James Yost

Shattered Globe Theatre presents
by Meg Miroshnik
directed by Lou Contey
playing January 12-February 25
at Theater Wit (1229 W Belmont, Chicago, IL)

History of Women’s Basketball in America

Adapted from A Timeline of Women’s Basketball History 1891 to Present, by Jone Johnson Lewis


  • James Naismith invented basketball at a Massachusetts YMCA school.


  • First women’s basketball team organized by Senda Berenson at Smith College, adapting Naismith’s rules to emphasize cooperation, with three zones and six players on each team.


  • First women’s college basketball game played at Smith College; no men were admitted to the game (March 21).
  • Women’s basketball began at Iowa State College, Carleton College, Mount Holyoke College, and Sophie Newcomb College (Tulane) in New Orleans; each year more schools added women’s basketball to their sports offerings for girls.


  • Basketball was being played at many women’s colleges, including Vassar College, Bryn Mawr College, and Wellesley College.


  • Bloomers introduced as a playing costume at Sophie Newcomb College, New Orleans.
  • Stanford and the University of California at Berkeley played the first women’s intercollegiate game; Stanford won, 2-1, and men were excluded, with women guarding the windows and doors to exclude men.
  • First known women’s basketball game between two high schools was played in the Chicago area, with Chicago Austin High School against Oak Park High School.


  • Conference of Physical Training established a committee to form uniform rules for women’s basketball.
  • Stanford banned women’s basketball from intercollegiate competition, as did the University of California.


  • AAU (Amateur Athletic Union) took the position that women or girls should not play basketball in public.


  • The American Olympic Committee declared its opposition to the participation of women in the Olympics competition.


  • Jeux Olympiques Féminines held in Monaco, an all-women’s sports competition for sports excluded from the Olympics; sports included basketball, track and field; Britain’s team won the basketball event.


  • Olympics included women’s basketball — as an exhibition event.


  • Golden Cyclones won AAU Championship, led by “Babe” Didrikson.


  • Isadore Channels (of the Chicago Romas team) and Ora Mae Washington (of the Philadelphia Tribunes) were stars in two rival black women’s basketball barnstorming teams; both women were also American Tennis Association title winners.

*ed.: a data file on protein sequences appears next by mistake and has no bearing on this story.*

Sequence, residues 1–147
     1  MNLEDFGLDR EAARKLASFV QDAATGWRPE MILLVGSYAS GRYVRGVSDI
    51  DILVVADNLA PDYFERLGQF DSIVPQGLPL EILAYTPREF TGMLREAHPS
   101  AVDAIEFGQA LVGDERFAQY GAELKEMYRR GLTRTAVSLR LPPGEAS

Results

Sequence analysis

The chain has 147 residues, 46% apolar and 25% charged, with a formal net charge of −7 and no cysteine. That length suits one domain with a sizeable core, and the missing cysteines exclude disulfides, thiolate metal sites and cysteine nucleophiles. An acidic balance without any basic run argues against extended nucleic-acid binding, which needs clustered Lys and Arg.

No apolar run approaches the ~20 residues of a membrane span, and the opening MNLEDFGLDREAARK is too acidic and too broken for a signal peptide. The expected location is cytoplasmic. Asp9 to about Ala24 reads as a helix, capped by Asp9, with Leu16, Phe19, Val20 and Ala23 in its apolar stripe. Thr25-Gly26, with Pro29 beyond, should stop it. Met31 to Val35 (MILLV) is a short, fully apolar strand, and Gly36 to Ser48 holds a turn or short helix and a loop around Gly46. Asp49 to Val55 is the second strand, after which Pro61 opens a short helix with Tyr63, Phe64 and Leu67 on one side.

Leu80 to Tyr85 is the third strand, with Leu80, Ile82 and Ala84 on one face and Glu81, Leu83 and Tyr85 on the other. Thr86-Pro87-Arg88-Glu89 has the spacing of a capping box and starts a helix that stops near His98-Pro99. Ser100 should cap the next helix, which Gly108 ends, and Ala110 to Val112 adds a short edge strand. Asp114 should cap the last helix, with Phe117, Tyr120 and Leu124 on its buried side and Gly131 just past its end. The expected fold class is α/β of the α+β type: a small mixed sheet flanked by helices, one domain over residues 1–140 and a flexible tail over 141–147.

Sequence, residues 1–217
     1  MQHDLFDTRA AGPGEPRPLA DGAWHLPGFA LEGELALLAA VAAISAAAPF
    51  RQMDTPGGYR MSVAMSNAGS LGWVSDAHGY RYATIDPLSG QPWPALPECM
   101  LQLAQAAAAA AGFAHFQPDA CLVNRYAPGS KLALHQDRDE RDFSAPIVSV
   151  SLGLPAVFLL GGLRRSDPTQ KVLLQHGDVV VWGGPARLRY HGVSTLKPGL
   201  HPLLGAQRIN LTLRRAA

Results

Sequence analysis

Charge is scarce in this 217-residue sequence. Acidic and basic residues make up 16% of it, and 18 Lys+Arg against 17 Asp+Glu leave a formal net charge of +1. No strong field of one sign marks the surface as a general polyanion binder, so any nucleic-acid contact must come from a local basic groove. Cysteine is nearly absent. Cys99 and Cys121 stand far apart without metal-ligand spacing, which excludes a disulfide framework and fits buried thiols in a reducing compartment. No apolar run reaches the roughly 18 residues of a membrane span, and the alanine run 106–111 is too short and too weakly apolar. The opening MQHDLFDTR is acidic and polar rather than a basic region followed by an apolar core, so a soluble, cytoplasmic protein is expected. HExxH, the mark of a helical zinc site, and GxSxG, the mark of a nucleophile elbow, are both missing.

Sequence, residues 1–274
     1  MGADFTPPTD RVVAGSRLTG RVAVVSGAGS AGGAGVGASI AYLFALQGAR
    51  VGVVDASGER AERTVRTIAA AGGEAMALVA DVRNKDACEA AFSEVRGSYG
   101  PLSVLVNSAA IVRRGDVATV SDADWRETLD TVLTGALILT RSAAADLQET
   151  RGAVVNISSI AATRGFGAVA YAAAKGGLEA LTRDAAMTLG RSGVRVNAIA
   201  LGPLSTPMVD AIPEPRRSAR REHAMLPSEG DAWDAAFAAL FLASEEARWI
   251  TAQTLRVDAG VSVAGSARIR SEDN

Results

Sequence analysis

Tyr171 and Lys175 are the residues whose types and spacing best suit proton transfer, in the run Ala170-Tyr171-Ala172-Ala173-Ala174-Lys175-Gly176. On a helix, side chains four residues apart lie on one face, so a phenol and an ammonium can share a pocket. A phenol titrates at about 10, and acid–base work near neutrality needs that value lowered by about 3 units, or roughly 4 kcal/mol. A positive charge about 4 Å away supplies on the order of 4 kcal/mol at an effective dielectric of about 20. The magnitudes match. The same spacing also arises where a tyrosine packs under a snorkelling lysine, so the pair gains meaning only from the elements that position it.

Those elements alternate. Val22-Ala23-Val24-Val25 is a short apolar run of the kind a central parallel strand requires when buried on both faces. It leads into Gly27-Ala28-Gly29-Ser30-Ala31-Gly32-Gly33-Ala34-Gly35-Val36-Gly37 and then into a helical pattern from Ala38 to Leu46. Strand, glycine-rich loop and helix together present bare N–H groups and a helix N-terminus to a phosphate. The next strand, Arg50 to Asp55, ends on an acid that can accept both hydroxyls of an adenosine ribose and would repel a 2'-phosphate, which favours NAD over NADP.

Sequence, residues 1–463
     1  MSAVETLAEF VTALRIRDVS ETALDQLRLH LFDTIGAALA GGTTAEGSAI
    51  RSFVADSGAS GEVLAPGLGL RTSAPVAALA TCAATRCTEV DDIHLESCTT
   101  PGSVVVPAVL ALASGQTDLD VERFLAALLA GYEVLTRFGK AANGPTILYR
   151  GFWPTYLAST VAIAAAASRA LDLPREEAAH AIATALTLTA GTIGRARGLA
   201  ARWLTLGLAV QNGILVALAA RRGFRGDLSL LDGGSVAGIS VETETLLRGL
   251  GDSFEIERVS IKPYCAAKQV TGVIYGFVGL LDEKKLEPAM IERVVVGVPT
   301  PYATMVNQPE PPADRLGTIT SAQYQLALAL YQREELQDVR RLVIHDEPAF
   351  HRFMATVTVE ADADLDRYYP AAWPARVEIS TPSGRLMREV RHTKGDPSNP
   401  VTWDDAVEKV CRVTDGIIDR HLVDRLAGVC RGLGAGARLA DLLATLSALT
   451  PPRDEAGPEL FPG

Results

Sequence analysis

• WDNAAF continued to pressure states to ban women’s basketball tournaments, with success in many states.


  • During World War II, competition and recreational basketball was common; relocation centers for Japanese Americans, for instance, included regularly scheduled women’s basketball games.


  • International competition in women’s basketball was reorganized.


  • First Pan-American Games included women’s basketball; USA won the gold medal.


  • Women’s basketball was included in the Paralympics.


  • Title IX enacted, requiring federally-funded schools to fund women’s sports equitably, including teams, scholarships, recruitment, and media coverage.
  • AAU established national basketball tournaments for girls younger than college age.


  • Women’s basketball became an Olympic sport; the Soviet team won the gold, USA won the silver.


  • Lynette Woodard began playing with the Harlem Globetrotters, the first woman to play with that team.


  • Senda Berenson Abbott, L. Margaret Wade, and Bertha F. Teague were inducted into the Naismith Memorial Basketball Hall of Fame, the first women to be so honored.


  • Olympic women’s basketball event won by USA team.


  • Women’s Basketball Hall of Fame opened with 25 inductees.


  • Olympics held in Sydney, Australia; USA team won the gold medal; Teresa Edwards became the first basketball player to play on five consecutive Olympic teams and win five Olympic medals.


  • Ashley McElhiney became the first woman head coach for a men’s professional basketball team (ABA, Nashville Rhythm); she resigned in 2005 with a 21-10 record.

The Tall Girls by Meg Miroshnik plays January 12th-February 25 at Theater Wit (1229 W Belmont, Chicago, IL). Single tickets are available via the Theater Wit Box Office. More info about Season Traveler Memberships–the best way to see all three shows in SGT’s 2016-2017 Season–are available here.